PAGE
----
SPOKANE, Wash. — A Spokane grandfather is one of only ten people in the nation who currently has a Total Artificial Heart (TAH).
Greg Soumokil was in the Sacred Heart Medical Center Intensive Care Unit (ICU) for 100 days before the successful, innovative surgery allowed him to return home.
Soumokil is battling end-stage heart failure and doctors at SHMC turned to the SynCardia TAH procedure when common treatments wouldn’t be enough to keep Greg alive until a donor heart transplant came through.
According to a press release from Providence Health Care, the artificial heart replaces the lower ventricles that pump blood to the body. Unlike other mechanical circulatory support devices, the SynCardia TAH replaces both sides of the failing heart. A portable driver small enough to fit inside a backpack powers the artificial heart, which gives discharged patients more freedom.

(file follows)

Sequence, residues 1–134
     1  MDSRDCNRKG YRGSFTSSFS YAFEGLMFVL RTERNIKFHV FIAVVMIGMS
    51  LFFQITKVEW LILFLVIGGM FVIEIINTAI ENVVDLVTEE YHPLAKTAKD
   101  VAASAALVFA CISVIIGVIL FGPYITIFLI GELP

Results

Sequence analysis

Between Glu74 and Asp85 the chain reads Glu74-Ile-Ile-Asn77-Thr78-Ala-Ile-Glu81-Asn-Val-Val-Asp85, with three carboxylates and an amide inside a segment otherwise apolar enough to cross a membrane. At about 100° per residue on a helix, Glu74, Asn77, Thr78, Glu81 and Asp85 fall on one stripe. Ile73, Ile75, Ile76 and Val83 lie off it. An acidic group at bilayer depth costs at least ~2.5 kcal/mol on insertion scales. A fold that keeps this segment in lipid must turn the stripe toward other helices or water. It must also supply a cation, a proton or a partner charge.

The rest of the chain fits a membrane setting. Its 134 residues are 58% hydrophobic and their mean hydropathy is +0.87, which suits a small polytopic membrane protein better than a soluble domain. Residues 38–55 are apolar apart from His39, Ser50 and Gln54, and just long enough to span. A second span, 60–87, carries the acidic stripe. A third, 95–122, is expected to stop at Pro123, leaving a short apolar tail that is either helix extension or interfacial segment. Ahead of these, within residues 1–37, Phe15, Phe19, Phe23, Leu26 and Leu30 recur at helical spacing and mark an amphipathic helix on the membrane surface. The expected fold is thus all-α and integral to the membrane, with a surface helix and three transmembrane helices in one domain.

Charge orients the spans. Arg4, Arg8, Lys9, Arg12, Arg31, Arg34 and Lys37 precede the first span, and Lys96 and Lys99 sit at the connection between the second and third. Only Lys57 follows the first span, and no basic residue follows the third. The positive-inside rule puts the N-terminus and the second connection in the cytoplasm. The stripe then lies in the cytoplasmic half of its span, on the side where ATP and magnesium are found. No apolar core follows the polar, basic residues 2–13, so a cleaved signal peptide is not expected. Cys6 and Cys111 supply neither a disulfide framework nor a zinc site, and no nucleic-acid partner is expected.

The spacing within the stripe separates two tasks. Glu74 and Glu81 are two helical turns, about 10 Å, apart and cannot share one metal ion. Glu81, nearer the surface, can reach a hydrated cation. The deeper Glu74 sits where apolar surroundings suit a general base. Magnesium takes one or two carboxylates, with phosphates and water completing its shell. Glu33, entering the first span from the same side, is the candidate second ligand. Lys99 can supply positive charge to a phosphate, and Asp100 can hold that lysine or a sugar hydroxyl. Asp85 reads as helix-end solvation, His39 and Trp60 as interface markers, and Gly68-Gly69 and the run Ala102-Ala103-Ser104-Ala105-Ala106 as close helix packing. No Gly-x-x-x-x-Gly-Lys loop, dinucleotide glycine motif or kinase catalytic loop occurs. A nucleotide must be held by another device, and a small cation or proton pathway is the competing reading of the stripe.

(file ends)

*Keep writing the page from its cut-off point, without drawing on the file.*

In February, cardiac surgeon Dr. Cristy Smith, assisted by Dr. Dennis Nichols, opted for innovation in the form of the SynCardia Total Artificial Heart (TAH). Smith previously trained with the SynCardia Total Artificial Heart’s inventor, Dr. Jack G. Copeland, in Arizona.
“Greg’s progress is exciting and we are so happy to see him go home to spend time with his family. Our team is humbled by this opportunity to perform such an innovative procedure and to be a part of Greg’s life in this way,” Smith said.
Soumokil is currently waiting for a combined heart and kidney transplant, which will take place at Providence Sacred Heart Medical Center when the organs become available. Until his organ match, he’ll be enjoying time at home with his wife, grandkids, and dogs.